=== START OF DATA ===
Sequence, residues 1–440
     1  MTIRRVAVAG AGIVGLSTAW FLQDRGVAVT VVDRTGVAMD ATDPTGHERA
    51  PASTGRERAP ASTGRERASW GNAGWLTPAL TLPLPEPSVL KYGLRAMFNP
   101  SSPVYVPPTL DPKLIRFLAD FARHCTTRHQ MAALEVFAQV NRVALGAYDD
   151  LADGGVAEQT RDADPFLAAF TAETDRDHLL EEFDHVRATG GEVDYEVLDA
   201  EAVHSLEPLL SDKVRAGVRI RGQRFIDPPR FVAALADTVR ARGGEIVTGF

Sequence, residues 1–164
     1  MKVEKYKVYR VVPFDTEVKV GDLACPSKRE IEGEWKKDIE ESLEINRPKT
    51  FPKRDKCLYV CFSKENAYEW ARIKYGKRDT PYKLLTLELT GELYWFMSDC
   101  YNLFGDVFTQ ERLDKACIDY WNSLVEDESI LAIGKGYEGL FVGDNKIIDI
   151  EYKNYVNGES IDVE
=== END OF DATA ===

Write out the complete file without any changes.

Sequence, residues 1–440
     1  MTIRRVAVAG AGIVGLSTAW FLQDRGVAVT VVDRTGVAMD ATDPTGHERA
    51  PASTGRERAP ASTGRERASW GNAGWLTPAL TLPLPEPSVL KYGLRAMFNP
   101  SSPVYVPPTL DPKLIRFLAD FARHCTTRHQ MAALEVFAQV NRVALGAYDD
   151  LADGGVAEQT RDADPFLAAF TAETDRDHLL EEFDHVRATG GEVDYEVLDA
   201  EAVHSLEPLL SDKVRAGVRI RGQRFIDPPR FVAALADTVR ARGGEIVTGF

Sequence, residues 1–164
     1  MKVEKYKVYR VVPFDTEVKV GDLACPSKRE IEGEWKKDIE ESLEINRPKT
    51  FPKRDKCLYV CFSKENAYEW ARIKYGKRDT PYKLLTLELT GELYWFMSDC
   101  YNLFGDVFTQ ERLDKACIDY WNSLVEDESI LAIGKGYEGL FVGDNKIIDI
   151  EYKNYVNGES IDVE